President Donald Trump, intensifying his feud with Chief Justice John Roberts, accused the American judiciary on Thanksgiving morning of undermining national security.
"Justice Roberts can say what he wants, but the 9th Circuit is a complete & total disaster," the President tweeted Thursday morning. Earlier this week, a judge from the Northern District of California -- where cases get appealed to the 9th Circuit -- issued a temporary restraining order blocking the Trump administration from barring migrants who cross into the US illegally from seeking asylum.
Calling the court "out of control," Trump tweeted that "Judges must not Legislate Security and Safety at the Border, or anywhere else. They know nothing about it and are making our Country unsafe. Our great Law Enforcement professionals MUST BE ALLOWED TO DO THEIR JOB! If not there will be only bedlam, chaos, injury and death. We want the Constitution as written!"
Trump has previously criticized the 9th Circuit as well as federal judges whose decisions he dislikes. But his tweets on Thursday calling out the chief justice of the Supreme Court and accusing federal judges of imperiling US security represent yet another extraordinary breach of presidential protocol and demonstrate Trump's frustration with judges who have ruled against his administration's most controversial policies.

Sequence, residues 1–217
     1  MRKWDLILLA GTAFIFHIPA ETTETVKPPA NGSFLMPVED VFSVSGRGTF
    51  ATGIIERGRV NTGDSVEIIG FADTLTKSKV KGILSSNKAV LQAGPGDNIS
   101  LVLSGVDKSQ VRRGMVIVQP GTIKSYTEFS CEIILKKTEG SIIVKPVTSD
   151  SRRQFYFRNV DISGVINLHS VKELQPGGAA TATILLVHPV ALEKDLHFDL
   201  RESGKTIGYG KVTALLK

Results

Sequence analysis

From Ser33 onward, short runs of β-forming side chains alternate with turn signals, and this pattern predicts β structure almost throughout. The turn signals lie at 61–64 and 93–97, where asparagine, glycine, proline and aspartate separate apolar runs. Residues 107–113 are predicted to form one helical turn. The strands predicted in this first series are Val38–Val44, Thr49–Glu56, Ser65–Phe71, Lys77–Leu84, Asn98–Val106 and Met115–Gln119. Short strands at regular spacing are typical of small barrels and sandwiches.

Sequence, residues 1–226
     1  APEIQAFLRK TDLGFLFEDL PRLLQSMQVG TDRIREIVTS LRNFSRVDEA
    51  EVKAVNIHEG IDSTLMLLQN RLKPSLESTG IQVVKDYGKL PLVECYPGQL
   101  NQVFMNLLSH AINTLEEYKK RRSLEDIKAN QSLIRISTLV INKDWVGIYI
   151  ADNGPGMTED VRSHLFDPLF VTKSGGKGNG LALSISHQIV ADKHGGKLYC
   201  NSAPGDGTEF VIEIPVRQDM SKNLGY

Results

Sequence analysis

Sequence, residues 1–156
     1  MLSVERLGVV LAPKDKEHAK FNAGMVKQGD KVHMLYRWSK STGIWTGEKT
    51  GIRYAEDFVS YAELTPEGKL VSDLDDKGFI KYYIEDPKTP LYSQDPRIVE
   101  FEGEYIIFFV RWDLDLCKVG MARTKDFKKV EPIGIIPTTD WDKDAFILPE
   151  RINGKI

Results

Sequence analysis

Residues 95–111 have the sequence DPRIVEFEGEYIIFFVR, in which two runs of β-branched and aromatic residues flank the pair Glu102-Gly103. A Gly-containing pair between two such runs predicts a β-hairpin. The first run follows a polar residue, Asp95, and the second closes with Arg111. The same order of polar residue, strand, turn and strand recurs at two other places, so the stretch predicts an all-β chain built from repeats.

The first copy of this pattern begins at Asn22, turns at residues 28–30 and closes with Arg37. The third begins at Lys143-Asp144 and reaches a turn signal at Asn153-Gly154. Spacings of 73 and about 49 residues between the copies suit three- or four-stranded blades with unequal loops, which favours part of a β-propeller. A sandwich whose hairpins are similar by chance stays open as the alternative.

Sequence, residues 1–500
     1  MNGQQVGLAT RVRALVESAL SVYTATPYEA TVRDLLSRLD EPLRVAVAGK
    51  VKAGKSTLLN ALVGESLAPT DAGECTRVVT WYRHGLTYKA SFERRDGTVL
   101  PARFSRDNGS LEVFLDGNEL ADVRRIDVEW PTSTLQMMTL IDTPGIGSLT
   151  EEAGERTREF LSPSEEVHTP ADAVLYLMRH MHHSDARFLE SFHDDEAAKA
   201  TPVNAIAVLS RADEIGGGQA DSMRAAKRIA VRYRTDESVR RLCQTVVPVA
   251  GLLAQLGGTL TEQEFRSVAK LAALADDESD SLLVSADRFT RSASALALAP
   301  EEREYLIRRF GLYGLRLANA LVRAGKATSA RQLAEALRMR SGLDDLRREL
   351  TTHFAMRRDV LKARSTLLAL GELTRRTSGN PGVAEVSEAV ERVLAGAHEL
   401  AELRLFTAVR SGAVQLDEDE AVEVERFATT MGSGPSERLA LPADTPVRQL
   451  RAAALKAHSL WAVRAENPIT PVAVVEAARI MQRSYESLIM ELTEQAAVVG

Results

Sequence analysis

Trump's feud with Roberts came after the chief justice issued on Wednesday a remarkable, public rebuke of the President's disparaging remarks about federal judges.
"We do not have Obama judges or Trump judges, Bush judges or Clinton judges," Roberts said in a statement. "What we have is an extraordinary group of dedicated judges doing their level best to do equal right to those appearing before them. That independent judiciary is something we should all be thankful for."
Trump on Thursday claimed the 9th Circuit's decisions were overturned "more than any circuit in the country," though CNN Supreme Court analyst Steve Vladeck noted on Twitter that over the last five terms, three federal appeals courts have had cases overturned at a higher rate than the 9th Circuit.